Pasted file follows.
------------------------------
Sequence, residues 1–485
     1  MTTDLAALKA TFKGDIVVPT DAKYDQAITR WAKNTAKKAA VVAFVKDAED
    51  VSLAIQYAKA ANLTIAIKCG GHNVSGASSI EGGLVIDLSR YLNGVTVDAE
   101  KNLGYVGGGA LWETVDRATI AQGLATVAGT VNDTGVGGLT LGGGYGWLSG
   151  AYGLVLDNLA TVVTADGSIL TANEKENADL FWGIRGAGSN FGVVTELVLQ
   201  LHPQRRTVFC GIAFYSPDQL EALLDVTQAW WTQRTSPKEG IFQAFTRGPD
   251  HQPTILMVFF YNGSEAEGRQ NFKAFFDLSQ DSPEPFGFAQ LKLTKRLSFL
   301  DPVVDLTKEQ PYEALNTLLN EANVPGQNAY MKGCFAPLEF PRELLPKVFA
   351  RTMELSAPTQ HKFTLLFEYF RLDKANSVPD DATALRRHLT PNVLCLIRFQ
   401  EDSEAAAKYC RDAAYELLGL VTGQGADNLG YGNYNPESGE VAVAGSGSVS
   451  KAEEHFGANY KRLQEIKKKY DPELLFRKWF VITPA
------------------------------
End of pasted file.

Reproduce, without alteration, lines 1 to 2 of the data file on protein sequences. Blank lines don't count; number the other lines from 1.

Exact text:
Sequence, residues 1–485
     1  MTTDLAALKA TFKGDIVVPT DAKYDQAITR WAKNTAKKAA VVAFVKDAED